After a rather soggy week in the Southeast, all signs point to a dry, mainly clear night for those heading outside on Halloween.

"Although the Southeast will be dry in the wake of wet weather related to Zeta, it will be a chilly evening with temperatures running as much as 10 degrees Fahrenheit below normal," AccuWeather Senior Meteorologist Heather Zehr said.

Saturday, high temperatures in the upper 50s to 60s will be common across much of the Southeast. The exception will be those living across the southern tiers of Alabama and Georgia, where highs in the 70s will be more common. The 80s will be the norm across the Florida Peninsula.

"Most areas will have clear skies, though the coastal Carolinas, southern Georgia and Florida will have some clouds crossing the sky" Zehr added.

With these sky conditions, temperatures will be able to fall rather quickly after the sun sets. Outside of Florida, a brisk evening will likely be in store for residents across the region. Those unaccustomed to the unseasonable chill may need to add a few outer or under layers to their costume.

Dry and cool weather is in store for much of the north-central U.S. on Halloween night as high pressure dominates the area. Conditions on Saturday are not forecast to be nearly as extreme as the record-shattering cold that occurred this past weekend, as seasonable temperatures are on deck for many residents.

"An area of cold high pressure deepening over the northern High Plains on Saturday will prompt trick-or-treaters in places like Casper, Wyoming, to bundle up to keep the cold at bay," AccuWeather Senior Meteorologist Mike LeSeney said.

Although Saturday night will cause some in Casper, Wyoming, to shiver, the city has been no stranger to the cold this week. On Sunday evening, the mercury dipped to a brutal minus 8 degrees, shattering the previous record low for the day of 12, set back in 2002.

High temperatures on Saturday will generally climb into the 40s from the northern High Plains to the Upper Midwest, while 50s will be common across the rest of the region. For cities like Minneapolis where high temperatures struggled to even reach the freezing mark this past Saturday, a seasonable high temperature in the low 50s will likely be welcome.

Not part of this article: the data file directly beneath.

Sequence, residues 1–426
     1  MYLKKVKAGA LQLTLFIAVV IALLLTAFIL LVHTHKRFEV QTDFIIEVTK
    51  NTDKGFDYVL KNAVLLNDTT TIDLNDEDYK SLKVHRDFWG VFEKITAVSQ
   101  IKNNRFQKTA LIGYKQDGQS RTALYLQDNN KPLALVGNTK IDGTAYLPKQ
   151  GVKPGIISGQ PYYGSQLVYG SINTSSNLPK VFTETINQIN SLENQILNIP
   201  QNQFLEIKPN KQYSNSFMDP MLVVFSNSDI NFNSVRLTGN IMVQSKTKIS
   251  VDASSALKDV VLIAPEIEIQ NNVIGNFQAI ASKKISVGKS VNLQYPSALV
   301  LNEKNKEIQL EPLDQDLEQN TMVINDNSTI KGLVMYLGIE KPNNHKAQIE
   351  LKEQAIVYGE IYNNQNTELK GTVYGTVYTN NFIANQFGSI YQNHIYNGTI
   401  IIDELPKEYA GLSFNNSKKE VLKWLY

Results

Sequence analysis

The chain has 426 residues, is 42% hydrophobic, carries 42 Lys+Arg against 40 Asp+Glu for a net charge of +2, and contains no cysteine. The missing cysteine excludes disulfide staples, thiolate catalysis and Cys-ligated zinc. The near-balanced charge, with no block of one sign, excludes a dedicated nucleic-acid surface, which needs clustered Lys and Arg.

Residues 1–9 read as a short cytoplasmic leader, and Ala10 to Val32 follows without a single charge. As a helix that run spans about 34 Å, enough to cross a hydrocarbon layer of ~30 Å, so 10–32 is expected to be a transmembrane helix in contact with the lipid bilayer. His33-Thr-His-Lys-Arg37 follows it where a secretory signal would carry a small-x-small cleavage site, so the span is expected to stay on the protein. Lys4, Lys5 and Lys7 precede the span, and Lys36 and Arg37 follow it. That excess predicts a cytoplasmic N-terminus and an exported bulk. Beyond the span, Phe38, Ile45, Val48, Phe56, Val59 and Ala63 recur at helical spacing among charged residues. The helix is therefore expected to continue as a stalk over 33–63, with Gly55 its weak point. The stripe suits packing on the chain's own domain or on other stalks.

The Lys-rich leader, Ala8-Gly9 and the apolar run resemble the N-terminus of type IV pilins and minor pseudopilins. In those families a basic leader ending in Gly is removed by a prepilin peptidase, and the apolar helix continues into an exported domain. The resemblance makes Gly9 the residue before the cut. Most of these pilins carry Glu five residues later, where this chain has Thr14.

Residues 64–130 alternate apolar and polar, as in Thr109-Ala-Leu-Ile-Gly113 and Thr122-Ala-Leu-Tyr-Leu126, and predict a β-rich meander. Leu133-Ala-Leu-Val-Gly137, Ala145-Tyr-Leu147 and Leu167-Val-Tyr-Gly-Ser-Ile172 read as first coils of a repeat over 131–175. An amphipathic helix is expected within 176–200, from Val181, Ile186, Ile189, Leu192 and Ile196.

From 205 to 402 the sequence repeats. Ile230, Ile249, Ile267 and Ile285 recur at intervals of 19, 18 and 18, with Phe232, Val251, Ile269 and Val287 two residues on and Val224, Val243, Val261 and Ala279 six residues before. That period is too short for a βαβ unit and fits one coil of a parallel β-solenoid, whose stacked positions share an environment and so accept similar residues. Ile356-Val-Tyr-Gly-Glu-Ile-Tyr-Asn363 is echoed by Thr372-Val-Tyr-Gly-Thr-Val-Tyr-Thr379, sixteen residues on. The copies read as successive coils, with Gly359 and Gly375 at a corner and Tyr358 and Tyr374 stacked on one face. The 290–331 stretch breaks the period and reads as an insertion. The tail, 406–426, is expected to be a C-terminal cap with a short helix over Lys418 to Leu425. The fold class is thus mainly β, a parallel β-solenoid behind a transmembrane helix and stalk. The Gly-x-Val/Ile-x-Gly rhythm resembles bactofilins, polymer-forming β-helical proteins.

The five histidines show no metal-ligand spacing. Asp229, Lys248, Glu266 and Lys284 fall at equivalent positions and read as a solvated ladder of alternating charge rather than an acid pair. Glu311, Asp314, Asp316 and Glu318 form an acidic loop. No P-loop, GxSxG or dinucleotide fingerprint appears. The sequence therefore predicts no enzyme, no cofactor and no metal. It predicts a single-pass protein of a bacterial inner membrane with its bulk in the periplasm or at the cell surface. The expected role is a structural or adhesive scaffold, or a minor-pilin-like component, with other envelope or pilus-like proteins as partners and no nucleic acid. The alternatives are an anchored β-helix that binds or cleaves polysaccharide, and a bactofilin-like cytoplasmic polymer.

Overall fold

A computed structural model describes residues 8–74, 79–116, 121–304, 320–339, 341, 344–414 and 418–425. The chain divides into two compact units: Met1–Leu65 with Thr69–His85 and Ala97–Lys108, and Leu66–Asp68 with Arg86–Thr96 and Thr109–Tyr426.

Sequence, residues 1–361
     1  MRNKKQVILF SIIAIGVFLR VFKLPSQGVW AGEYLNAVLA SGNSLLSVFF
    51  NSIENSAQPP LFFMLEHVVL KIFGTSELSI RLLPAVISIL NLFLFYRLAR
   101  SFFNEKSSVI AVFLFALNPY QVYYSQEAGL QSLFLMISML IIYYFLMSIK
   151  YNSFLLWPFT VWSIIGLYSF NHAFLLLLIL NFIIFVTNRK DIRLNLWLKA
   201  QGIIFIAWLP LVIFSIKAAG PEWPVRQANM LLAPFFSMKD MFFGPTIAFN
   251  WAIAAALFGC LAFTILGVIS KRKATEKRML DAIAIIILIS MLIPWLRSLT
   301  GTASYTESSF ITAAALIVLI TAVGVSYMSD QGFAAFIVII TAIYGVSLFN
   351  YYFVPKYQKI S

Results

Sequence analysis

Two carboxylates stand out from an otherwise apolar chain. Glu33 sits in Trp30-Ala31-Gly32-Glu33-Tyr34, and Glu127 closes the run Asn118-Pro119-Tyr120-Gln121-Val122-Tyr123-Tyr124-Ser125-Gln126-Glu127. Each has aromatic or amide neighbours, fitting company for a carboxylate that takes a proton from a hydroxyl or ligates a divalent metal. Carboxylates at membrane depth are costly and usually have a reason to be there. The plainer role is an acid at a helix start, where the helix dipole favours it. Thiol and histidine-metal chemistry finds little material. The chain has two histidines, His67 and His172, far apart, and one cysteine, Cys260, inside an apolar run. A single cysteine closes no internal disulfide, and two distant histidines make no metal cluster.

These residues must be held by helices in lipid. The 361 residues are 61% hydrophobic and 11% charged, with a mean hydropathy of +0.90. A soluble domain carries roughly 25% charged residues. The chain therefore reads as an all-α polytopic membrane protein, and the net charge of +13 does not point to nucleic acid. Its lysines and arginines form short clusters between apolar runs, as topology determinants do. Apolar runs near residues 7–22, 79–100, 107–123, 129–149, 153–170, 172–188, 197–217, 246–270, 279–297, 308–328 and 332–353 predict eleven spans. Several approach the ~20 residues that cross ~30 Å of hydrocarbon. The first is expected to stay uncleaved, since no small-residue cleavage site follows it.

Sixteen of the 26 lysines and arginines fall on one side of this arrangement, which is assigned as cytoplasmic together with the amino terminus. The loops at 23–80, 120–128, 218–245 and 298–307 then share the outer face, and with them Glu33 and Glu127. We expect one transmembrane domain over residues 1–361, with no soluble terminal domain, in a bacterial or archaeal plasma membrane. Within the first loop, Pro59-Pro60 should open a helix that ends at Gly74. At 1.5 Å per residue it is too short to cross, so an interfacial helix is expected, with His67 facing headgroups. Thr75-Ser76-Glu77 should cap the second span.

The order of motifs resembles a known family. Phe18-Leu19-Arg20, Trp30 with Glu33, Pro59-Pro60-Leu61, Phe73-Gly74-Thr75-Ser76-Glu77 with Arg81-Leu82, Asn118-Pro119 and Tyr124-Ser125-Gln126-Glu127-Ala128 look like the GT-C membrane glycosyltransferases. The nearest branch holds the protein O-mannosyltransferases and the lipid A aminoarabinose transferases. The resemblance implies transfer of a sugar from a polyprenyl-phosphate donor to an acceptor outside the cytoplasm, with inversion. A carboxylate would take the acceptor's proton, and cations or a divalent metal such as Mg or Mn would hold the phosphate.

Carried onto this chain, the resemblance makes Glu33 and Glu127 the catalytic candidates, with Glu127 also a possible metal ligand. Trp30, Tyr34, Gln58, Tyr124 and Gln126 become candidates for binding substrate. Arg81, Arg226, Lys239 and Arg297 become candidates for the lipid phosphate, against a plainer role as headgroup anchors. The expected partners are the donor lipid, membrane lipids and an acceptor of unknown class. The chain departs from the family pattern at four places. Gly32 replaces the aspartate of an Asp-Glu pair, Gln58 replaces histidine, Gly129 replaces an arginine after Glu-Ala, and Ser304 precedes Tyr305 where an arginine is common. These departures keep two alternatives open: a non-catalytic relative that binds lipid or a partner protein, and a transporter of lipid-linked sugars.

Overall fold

"Thankfully, there isn't even the ghost of a chance for any snow in the High Plains, despite the abnormally chilly weather," LeSeney added.

While there is a negligible chance for snow in the High Plains, some residents of a few states along the northern tier of the Midwest may want to keep their eyes to the sky on Saturday.

A storm system is forecast to trek from central Manitoba, Canada, to western Ontario, Canada throughout the day Saturday. While the bulk of the snow associated with this system is set to stay north of the border, a few flurries on Halloween night will not be out of the question for residents of northern Minnesota, northern Wisconsin and the Upper Peninsula of Michigan.

As sloppy weather continues to pummel the South Central states for much of the week, Friday will bring welcome relief for many residents across the region. High pressure will begin to build over the region on Friday morning as adverse weather shifts into the eastern third of the country. This high pressure will remain in place on Saturday, ushering in dry but seasonably cool conditions.

Many locations across the south-central U.S. will encounter high temperatures that are nearly 10 degrees Fahrenheit below normal for the end of October. Leading up to Halloween night, high temperatures in the 60s will be common across Kansas, Missouri, Oklahoma and Arkansas. Texas, Louisiana and Mississippi, will experience high temperatures in the 60s and 70s.